Twenty years on from the FLAT DUO JETS, who created the template for stripped down rock and roll that’s been copped by the White Stripes and a thousand far less clever bands, Dex Romweber has teamed up with his sister Sara (Let’s Active, Snatches of Pink) for the first time on the debut album by the Duo, Ruins of Berlin.
With their preternatural ability to play with and play off one another, the Duo lays it out there with nothing to cover it up. And while many mistake “stripped down” for “easy” or “simple,” it takes a fearless mastery to pull the tortured blues out of the delta, the punk thunder out of rockabilly, and the deep, dark and glorious pathos out of cabaret.
Dex’s guitar conjures the primal ghosts that live in the scratchy grooves of 45s that snake through our collective musical DNA; some are well known, most long forgotten, but no one can draw the line between Link Wray and Marlene Dietrich and have it make sense like Dex. And when he sings, you get the sense, sometimes uneasy, that here is a man that HAS to sing, has to let it out, or all the pain, longing and triumph of the heroes and hep cats and sinners and losers he sings about will tear him apart from the inside.
With Sara’s mammoth drumming as the spine, the Duo go well beyond any mindless retro tag; they absorb the essence of their idols before erupting with re-inventions that are both primitive and elegant.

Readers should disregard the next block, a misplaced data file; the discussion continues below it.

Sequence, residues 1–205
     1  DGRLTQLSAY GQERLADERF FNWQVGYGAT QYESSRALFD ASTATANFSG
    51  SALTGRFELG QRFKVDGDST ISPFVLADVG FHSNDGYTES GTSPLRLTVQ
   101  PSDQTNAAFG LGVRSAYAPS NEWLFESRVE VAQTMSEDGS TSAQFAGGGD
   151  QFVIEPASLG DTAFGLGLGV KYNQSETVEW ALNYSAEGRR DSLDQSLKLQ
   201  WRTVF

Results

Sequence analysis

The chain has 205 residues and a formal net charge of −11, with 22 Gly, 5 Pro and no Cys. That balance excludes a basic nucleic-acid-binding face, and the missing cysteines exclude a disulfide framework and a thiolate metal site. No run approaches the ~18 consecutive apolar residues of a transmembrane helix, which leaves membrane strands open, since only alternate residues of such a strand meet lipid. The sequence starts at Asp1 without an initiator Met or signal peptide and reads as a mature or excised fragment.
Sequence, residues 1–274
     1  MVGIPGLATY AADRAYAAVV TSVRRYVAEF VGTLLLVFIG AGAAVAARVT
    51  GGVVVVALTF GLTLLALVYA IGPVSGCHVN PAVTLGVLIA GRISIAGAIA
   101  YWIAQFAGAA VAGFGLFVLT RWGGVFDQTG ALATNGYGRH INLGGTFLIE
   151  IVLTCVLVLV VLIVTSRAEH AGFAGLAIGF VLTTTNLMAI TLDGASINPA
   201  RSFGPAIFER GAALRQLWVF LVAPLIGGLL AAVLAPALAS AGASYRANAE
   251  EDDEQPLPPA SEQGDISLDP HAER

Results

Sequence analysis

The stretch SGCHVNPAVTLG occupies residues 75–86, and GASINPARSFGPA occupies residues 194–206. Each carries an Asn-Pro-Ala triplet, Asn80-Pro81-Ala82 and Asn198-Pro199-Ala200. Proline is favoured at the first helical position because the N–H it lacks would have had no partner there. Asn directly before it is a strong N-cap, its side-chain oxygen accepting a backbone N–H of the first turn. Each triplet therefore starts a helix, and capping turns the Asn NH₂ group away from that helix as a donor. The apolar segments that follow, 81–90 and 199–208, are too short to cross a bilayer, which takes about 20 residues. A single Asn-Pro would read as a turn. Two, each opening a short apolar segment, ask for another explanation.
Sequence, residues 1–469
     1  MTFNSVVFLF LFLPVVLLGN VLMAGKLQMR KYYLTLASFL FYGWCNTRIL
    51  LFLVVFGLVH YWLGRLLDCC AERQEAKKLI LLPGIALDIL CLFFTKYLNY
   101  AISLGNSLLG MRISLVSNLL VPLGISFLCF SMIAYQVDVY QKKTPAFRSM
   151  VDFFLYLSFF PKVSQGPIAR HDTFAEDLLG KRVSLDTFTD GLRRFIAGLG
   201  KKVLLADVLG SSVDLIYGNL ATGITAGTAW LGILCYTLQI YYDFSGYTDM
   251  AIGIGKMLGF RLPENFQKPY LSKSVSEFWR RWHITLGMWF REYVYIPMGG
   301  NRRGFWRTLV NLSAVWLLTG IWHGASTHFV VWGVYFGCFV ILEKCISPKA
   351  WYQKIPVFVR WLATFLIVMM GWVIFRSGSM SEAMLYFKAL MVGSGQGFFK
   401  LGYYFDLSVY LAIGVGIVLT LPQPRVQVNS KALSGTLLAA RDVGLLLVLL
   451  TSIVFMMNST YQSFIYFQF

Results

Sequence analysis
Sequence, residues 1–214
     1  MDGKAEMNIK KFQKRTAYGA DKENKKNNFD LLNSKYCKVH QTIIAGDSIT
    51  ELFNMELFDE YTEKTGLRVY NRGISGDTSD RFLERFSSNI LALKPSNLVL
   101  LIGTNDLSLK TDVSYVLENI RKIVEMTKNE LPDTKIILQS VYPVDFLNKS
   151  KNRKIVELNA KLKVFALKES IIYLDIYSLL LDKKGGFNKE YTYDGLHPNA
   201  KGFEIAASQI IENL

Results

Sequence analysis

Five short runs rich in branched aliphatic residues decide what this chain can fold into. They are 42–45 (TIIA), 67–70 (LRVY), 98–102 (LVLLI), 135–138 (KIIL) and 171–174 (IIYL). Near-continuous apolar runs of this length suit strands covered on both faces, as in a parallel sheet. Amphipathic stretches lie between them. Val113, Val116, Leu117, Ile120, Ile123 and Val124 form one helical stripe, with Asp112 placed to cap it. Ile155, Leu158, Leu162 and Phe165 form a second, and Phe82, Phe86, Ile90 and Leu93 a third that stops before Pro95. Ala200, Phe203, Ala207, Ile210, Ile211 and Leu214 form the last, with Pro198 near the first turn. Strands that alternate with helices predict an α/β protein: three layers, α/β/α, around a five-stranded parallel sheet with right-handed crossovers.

Joining the Duo is a dazzling array of admirers that brings true STAR POWER to Ruins of Berlin. Dueting with Dex are indie rock chanteuses Cat Power (“Love Letters”) and Neko Case (“Still Around”), as well as punk icon Exene Cervenka (X) (“Lonesome Train”). Longtime Romweber accomplice Rick Miller (Southern Culture on the Skids) teams up with Dex on “Lookout,” egging on the Duo to new heights of surf-rock derring-do.
It’s hard not to be a fan, though, when you see Dex filled with the spirit, eyes rolled back, channeling a Baptist preacher, Elvis, and a poet who’s just had his heart broke, his beat up Silvertone distilling songs down to their barest essentials, and Sara hammering it all home. It’s powerful and pure.
As Dex says, “We’re making original rock and roll, but fast and weird and throwing in different things. Let’s get it done, no bullshit.”